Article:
Home MTA Politics On MTA funding, divergent paths — or just empty promises? — from de Blasio, Lhota

On MTA funding, divergent paths — or just empty promises? — from de Blasio, Lhota

by Benjamin Kabak

With recent polls giving Bill de Blasio a fifty-point lead over GOP challenger and former MTA head Joe Lhota in the race for mayor, New York voters haven’t seen a particularly robust discussion of the issues, and even with a pair of debates looming, I don’t expect much of substance to emerge. Lhota faces too big a polling gap and recognition issues while de Blasio has nothing to gain from being out front of any policy debates. That said, the two candidates offered up some vague details on their funding plans for the MTA.

The city’s relationship with the transit agency has been a rough ground lately. City-based politicians seem to agree that the five boroughs should have more of a say on the MTA Board. Currently only four of the 12 seats are appointed by the Mayor, but the Governor has appointed city residents as well. Yet, city politicians aren’t keen on acknowledging that with great power comes great funding responsibility, and discussions surrounding city contributions to the MTA budget often result in a lot of stammering and attempts at changing the subject.

The mayoral race has been no different. No candidates are proposing congestion pricing or East River tolling, and while de Blasio has spoken about protecting the MTA payroll mobility tax as an important source of revenue, Lhota has suggested divorcing bridge and tunnel toll revenues from subway funding schemes. By and large, these positions have ranged from non-controversial to non-starters. Still, this week, we’ve seen divergent viewpoints from both candidates.

On Monday, Pete Donohue wrote about how Lhota would increase city contributions to the MTA’s budget. Lhota wouldn’t provide a specific figure or identify where the money would come from, but he noted that the city should be more involved in the MTA’s capital program. “I do believe the mayor and City Council should start participating in a significant way in the capital plan,” Lhota said. “We need to participate more.”

De Blasio, meanwhile, said that he doesn’t believe the city is fiscally healthy enough to up its MTA contributions. “I think there are some things we can do that are meaningful, like help expand Bus Rapid Transit in the outer boroughs, and there’s a contribution the city can make to that through capital funding,” the mayoral frontrunner said in a radio interview today. “But in terms of the core of our budget, no, we’re not in the position to do that right now.”

Since de Blasio is likely to win in November, his comments aren’t the most encouraging, but it’s all likely to be a load of nothing. Neither candidate has put out a transit plan comparable to that developed by Mayor Bloomberg four years ago, but mostly that just means neither will underdeliver when it proves impossible implement, say, free crosstown buses as Bloomberg once proposed. Still, resignation before the election won’t translate into action after, and the city’s strange economic relationship with its own subway system won’t change much from today’s awkward status quo.

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17 comments

SEAN October 9, 2013 - 12:36 pm

On MTA funding, divergent paths — or just empty promises?

It’s absolutely the latter without a doubt. I was on the CTA’s site last night & they have several projects in the works or already up & running. These include…

1. A new open source farecard system named Ventra that just went live last month.
2. A new BRT type bus service called Jump that opperates on a single route, but will be rolled out on other lines in the next few years.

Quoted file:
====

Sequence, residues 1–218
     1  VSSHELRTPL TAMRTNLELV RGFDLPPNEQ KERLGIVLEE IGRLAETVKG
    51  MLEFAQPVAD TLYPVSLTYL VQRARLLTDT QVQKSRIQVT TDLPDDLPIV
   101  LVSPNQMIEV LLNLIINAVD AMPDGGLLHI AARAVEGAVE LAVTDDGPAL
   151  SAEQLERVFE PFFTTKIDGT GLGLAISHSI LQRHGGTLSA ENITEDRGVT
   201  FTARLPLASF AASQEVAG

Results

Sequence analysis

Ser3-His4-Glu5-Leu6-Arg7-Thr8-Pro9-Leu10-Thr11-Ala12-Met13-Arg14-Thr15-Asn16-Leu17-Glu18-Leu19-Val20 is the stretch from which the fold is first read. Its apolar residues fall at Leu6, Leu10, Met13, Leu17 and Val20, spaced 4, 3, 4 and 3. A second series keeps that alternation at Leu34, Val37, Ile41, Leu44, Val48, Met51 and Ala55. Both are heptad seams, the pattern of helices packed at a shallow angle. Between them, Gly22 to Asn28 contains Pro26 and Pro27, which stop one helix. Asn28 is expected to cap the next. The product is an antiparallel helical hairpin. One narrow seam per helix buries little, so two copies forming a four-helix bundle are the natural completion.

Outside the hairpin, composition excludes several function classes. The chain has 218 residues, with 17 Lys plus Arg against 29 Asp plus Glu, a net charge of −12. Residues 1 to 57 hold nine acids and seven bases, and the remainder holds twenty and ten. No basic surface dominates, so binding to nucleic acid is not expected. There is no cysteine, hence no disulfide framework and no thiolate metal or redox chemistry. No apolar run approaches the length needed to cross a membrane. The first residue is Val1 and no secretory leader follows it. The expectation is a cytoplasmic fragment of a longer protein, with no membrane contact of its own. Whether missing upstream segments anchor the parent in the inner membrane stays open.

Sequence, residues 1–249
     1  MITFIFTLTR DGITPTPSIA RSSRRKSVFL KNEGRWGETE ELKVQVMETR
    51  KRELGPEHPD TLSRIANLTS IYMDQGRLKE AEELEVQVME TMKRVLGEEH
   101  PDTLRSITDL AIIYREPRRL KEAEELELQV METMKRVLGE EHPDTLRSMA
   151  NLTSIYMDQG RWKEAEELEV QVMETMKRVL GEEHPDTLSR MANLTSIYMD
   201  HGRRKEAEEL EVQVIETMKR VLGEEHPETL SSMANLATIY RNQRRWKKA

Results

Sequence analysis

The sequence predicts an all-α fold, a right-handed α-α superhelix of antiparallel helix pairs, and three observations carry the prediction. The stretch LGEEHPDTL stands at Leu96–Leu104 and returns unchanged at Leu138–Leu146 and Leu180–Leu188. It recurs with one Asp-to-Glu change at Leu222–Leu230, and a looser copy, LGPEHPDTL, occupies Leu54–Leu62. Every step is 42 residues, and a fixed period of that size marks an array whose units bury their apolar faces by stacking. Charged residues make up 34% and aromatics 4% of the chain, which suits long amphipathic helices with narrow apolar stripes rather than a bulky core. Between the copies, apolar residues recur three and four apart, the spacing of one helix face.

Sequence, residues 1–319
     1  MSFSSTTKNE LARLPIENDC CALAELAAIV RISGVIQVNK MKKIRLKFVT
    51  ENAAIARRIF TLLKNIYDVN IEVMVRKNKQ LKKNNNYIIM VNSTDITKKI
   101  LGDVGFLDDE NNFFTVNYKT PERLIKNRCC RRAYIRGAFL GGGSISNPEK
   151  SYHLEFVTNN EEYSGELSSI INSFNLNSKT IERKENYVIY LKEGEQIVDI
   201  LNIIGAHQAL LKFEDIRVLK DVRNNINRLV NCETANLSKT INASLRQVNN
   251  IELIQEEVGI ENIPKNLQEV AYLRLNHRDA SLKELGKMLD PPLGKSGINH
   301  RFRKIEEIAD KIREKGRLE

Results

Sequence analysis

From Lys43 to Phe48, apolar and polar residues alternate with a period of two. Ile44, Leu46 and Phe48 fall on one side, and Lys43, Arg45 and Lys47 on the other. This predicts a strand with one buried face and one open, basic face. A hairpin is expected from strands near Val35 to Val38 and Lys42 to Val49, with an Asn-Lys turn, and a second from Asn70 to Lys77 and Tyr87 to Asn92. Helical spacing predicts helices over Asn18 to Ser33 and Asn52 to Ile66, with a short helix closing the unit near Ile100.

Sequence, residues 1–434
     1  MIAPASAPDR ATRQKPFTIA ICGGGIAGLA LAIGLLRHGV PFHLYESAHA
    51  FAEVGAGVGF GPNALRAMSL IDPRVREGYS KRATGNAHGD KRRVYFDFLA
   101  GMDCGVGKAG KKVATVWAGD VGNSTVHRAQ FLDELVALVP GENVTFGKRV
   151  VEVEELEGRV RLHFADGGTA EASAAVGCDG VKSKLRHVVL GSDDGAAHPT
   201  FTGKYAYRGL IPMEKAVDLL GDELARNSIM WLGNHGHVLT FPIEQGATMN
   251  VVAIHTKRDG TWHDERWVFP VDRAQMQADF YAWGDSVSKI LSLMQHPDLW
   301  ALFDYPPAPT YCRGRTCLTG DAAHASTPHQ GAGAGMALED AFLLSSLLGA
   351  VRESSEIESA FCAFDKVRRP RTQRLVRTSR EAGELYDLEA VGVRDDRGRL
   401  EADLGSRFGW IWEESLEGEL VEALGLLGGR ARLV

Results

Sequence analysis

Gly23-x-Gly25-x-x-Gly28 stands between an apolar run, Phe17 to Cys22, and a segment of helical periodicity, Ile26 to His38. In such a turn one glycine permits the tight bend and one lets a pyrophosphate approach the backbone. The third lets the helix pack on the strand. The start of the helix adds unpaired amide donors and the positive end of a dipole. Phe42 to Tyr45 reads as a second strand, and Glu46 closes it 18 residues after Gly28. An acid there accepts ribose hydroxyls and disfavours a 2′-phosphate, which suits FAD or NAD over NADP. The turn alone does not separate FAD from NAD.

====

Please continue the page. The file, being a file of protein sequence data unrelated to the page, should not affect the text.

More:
3. Two subway extentions are in the works, one is on the Red line to the south of 95th for about five miles & on the Yellow line through Skokie to Old Orchard shopping center.

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Larry Littlefield October 9, 2013 - 12:49 pm

The goal is to leave the city in ruins and have someone else blamed for it. Anyone who talks about the MTA might end up being tagged by the press as someone who should have done something about its ongoing maintenance needs.

The goal is to slither away like Patak, Giuliani, Bloomberg, Spitzer, etc.

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Alex October 9, 2013 - 1:07 pm

de Blasio did a Reddit AMA yesterday and someone asked him specifically about the Second Ave Subway. His answer was less than inspiring:

“My central focus, which is made clear in my platform at http://www.billdeblasio.com, is on expanding transit options in underserved neighborhoods in the outer boroughs, particularly through bus rapid transit. I also think a central mission as mayor will be to protect the state payroll tax that is keeping the MTA viable at this point.”

He didn’t say so specifically, but he almost seems opposed to continuing on to Phase 2 of the SAS. At best he’s indifferent. Not that the mayor controls that, but it would definitely help to have him back the project and apply political pressure. More generally, his vision for transit expansion is pretty weak. Yet somehow, he was the best candidate for transit. Frustrating to say the least.

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Tim October 9, 2013 - 1:21 pm

DeBlasio will be a disaster as mayor. He doesn’t get what makes NYC run, strictly a populist.

If he really cared about outerborough transit options, he’d push the Triborough Rx.

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Alex October 9, 2013 - 1:27 pm

I don’t know about disaster, but I worry he’ll be uninspiring and unproductive.

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John-2 October 9, 2013 - 2:07 pm

You can’t un-ring a bell, in that you can’t allow the city to go back to the 1966-93 status quo or if you’re the city and the MTA, you can’t allow the system to slip back to the pre-Robert Kiley/David Gunn era, especially given the change in mindset towards urban living.

In the period of 20-45 years ago, there was still a mindset that you could abandon inner city areas to decay and simply move out to the suburbs. That fantasy’s been gone for a long time, and those who’ve spent oodles of bucks on living space in gentrified areas aren’t going to simply shrug their shoulders if the neighborhoods and the subways crash and burn, and go buy a car and a house in Levitown (or any other tri-state area suburb). If the next mayor is either reluctant to fund needed transit and/or allows quality of life issues to make people feel less secure on transit, he can’t simply say the problems are endemic of modern urban life and you can’t change them, because of what’s happened to the city over the past 20 years and to the subways over the past 30 years.